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The politics and ethics of cyberactivism

Image of Stefania Milan

Stefania Milan (Tilburg University / Citizen Lab)

Ethics of technology and ethics of organizing:The cyberactivists’ struggle for moral values in cyberspace

This paper explores the politics and ethics of cyberactivism. Cyberactivism indicate the realm of collective action in cyberspace that addresses network infrastructure or exploits the infrastructure’s technical and ontological features for political or social change. Examples of cyberactivism include electronic disturbance tactics, the autonomous creation of infrastructure, software and hardware hacking, and hacktivism. Although some of their critics consider these activists to be some sort of anarchic cyber-guerillas, cyberactivists reclaim for themselves a role of “guardians” of the internet. They embody a set of moral norms grounded on values such as openness, transparency and self-expression. In this paper, I explore these norms and ethical discourses. I distinguish between two dimensions: the ethics of technology and the ethics of organizing, which are strictly interrelated. The ethics of technology, in particular, is visible in the design of technology and infrastructure, which for activists is both a process and the outcome of activism.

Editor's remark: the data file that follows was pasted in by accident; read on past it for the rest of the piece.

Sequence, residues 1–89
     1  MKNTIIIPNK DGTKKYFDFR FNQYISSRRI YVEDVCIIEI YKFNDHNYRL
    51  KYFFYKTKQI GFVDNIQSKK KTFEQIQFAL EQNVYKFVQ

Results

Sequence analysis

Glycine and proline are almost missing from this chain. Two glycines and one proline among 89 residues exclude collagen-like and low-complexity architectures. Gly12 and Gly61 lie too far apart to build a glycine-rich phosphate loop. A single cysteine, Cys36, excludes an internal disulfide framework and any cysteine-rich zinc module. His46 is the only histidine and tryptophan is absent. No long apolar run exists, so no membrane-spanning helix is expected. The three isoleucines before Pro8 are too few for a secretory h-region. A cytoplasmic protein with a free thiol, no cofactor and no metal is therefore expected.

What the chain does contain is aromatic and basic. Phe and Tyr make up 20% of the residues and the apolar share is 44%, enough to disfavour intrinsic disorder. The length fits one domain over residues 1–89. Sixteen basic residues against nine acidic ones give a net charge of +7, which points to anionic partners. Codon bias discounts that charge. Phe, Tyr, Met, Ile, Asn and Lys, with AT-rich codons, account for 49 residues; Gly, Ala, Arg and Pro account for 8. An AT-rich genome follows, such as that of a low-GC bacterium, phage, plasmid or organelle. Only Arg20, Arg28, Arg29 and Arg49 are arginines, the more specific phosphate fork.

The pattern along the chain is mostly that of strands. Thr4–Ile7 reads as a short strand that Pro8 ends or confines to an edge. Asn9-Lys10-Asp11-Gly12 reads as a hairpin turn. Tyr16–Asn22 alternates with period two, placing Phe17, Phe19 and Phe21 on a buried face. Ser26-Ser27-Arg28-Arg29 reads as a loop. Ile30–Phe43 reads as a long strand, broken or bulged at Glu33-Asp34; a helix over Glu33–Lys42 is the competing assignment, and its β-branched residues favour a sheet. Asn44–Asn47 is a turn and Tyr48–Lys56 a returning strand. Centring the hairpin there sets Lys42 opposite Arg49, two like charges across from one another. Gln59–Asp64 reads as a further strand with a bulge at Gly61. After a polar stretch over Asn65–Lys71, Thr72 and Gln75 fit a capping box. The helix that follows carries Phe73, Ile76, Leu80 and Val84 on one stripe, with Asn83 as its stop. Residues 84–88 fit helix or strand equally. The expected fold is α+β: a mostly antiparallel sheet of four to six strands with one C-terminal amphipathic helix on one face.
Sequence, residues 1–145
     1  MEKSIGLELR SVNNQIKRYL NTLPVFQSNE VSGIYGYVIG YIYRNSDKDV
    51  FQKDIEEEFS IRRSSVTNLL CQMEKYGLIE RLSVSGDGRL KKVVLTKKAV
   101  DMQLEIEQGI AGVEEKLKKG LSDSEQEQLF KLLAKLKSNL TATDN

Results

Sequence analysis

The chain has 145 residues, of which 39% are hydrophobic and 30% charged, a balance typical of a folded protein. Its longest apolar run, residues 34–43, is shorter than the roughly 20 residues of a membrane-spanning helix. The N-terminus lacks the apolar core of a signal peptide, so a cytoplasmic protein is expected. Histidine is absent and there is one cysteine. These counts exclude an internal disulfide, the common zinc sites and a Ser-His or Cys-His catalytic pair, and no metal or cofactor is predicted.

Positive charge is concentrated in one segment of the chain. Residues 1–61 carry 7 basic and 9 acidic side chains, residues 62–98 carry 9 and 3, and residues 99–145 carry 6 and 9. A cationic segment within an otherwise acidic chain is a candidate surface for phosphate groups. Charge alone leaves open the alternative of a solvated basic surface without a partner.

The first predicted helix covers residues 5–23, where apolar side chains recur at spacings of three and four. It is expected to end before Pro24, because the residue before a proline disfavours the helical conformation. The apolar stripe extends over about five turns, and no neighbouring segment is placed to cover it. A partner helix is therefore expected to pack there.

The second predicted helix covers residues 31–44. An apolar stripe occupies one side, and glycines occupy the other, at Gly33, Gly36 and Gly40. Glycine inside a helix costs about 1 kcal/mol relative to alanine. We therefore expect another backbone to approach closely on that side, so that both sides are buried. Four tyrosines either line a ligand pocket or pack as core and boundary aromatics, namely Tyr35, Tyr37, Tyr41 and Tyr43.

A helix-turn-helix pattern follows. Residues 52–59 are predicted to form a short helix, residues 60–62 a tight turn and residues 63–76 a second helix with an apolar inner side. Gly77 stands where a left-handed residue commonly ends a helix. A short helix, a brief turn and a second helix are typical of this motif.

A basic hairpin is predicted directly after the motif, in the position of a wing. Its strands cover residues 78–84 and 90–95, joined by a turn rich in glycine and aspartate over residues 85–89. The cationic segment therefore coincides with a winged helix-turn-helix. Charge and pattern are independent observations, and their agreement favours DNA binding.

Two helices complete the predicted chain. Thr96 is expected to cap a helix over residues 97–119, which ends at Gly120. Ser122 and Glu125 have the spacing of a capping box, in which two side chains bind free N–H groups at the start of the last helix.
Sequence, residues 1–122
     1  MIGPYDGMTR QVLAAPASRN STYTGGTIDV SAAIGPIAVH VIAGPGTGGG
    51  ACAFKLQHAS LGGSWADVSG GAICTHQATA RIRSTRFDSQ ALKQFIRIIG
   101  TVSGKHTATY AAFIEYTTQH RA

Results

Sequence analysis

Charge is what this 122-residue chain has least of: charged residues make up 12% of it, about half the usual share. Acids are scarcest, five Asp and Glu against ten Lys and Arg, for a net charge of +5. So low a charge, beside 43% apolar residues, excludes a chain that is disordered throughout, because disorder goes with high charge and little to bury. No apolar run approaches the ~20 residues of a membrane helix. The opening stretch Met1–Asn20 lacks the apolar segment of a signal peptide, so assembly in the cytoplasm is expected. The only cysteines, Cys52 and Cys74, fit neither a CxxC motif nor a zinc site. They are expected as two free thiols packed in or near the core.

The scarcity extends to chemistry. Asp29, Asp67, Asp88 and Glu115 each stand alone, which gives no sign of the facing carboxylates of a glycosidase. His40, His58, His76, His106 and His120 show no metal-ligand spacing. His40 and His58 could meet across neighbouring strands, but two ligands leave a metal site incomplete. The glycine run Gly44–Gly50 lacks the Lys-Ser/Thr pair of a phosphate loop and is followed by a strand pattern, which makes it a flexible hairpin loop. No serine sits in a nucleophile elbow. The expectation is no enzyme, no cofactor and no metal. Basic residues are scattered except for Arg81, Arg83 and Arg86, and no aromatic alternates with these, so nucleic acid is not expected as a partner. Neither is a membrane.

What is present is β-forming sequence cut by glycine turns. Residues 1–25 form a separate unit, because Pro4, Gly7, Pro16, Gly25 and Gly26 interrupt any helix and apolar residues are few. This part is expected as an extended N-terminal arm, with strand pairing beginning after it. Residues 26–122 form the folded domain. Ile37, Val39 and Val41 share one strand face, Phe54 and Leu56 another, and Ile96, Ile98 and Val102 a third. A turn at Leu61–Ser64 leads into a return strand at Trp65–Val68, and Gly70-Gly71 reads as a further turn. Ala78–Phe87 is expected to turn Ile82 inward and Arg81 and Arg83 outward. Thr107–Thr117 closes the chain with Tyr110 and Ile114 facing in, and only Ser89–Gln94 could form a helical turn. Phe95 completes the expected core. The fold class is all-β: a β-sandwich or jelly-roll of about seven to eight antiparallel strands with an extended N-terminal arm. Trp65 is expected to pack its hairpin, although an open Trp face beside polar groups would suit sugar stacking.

Stefania Milan ( is curious about self-organization in cyberspace, data activism, and the politics of code. A (political) sociologist of the web, she enjoys experimenting with digital and action-oriented research methods, and seeks ways of bridging research with policy and action. She is the author of Social Movements and Their Technologies: Wiring Social Change (Palgrave Macmillan, 2013), and co-author of Media/Society (Sage, 2011). Currently, she is assistant professor of Data Journalism at Tilburg University, the Netherlands, where she founded the Data J Lab, a research lab dedicated to Big Data analytics. She is also a fellow at the Citizen Lab, Munk School of Global Affairs, University of Toronto.